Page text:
"Output imagery of medical diagnostics is a unique language, one of colors and patterns — discerning different areas of an image, measuring the density of various elements by the tones of blacks, grays, and whites. Subtle distinctions in shapes, shifts, clarities, rhythms, and textures are the most critical and accurate tool that indicates the condition of the patient and determines whether further intervention is needed. These nuanced ways of looking and listening profoundly influenced how I see, think, and understand the world."

Signaling XXIV 

2020

Hand-sculpted inkjet print, ink, graphite, frottage

55" h x 36"w

Signaling XXV 

2020

Hand-sculpted inkjet print, ink, graphite, frottage

40" h x 26"w

Signaling XXVI 

2020

Hand-sculpted inkjet print, ink, graphite, frottage

34" h x 26"w

Signaling XXVIII 

2020 

Hand-sculpted inkjet print, ink, graphite, frottage

27" h x 27"w

Signaling XXVII 

2020)

Hand-sculpted inkjet print, ink, graphite, frottage

26" h x 21"w

“Interacting with images is an act of care. I explore and question the history of the subject, mirroring the abilities of diagnostic lenses in my own language of seeing and listening. The textures and patterns I create resonate with the rhythms and sounds I listen to.”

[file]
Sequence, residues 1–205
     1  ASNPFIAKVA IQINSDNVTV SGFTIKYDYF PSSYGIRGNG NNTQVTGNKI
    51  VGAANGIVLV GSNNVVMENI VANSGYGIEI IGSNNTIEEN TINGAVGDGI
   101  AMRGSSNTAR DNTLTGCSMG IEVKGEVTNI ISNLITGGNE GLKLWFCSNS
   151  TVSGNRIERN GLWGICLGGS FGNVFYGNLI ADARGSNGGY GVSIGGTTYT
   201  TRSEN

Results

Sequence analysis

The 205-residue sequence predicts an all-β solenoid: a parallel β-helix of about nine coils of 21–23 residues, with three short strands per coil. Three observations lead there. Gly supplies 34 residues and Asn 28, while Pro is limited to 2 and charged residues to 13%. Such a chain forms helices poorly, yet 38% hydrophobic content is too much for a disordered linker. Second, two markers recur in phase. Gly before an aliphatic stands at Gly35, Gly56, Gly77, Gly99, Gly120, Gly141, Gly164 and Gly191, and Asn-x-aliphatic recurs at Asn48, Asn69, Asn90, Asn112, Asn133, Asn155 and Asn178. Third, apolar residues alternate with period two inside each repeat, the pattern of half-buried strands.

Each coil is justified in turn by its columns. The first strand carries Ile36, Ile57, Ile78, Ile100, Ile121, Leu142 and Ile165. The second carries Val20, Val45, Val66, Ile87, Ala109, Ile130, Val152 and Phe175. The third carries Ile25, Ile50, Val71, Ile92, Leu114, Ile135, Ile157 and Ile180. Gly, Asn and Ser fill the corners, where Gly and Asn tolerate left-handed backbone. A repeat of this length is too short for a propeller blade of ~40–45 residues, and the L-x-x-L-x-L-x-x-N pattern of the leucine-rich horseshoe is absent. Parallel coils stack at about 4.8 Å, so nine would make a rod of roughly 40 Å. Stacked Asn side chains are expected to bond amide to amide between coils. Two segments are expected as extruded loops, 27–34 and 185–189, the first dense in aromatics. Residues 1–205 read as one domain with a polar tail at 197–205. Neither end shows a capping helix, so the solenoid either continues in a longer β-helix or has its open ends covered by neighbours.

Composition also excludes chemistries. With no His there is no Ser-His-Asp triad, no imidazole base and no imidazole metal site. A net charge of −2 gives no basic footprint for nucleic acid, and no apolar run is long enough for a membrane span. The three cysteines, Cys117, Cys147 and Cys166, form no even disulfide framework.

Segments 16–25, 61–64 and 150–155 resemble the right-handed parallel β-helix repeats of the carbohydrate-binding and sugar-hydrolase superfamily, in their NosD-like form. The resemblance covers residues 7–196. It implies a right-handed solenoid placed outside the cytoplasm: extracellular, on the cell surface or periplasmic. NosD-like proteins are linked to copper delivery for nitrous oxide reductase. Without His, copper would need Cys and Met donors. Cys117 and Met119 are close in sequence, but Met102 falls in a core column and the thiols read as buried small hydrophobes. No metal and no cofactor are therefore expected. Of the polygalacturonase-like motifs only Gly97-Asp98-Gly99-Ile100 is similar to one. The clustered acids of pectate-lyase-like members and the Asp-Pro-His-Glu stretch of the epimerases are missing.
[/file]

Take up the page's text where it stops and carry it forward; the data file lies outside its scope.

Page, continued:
Signaling XXIX 

2020 

Hand-sculpted inkjet print, ink, graphite, frottage

44" h x 42"w

Signaling XXX 

2020 

Hand-sculpted inkjet print, ink, graphite, frottage

40" h x 26"w

Signaling XXXI 

2020

Hand-sculpted inkjet print, ink, graphite, frottage

70" h x 36"w

Probing the Land

 

To make the series Probing the Land, Lewis photographed American monuments, including the controversial equestrian statues of Confederate officers lining Monument Avenue in Richmond, Virginia.

 

Lewis carves into the image of the monument, destabilizes the bronze, creating a soft anatomy within, rendering the figure of the horse and the rider active, penetrable and vulnerable. The works attempt to capture the public’s passion and dialogue about the statues.

Probing the Land IV 

2020 

Hand-sculpted inkjet print, ink, graphite, frottage

44" h x 62"w

Probing the Land V 

2020

Hand-sculpted inkjet print, ink, graphite, frottage

44" h x 62"w